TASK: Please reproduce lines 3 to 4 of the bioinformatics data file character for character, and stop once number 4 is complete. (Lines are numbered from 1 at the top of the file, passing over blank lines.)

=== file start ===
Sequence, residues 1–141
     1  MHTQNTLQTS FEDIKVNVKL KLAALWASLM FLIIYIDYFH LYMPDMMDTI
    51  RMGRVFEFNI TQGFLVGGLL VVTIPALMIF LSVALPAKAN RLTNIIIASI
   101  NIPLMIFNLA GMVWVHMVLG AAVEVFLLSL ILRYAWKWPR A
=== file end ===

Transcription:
    51  RMGRVFEFNI TQGFLVGGLL VVTIPALMIF LSVALPAKAN RLTNIIIASI
   101  NIPLMIFNLA GMVWVHMVLG AAVEVFLLSL ILRYAWKWPR A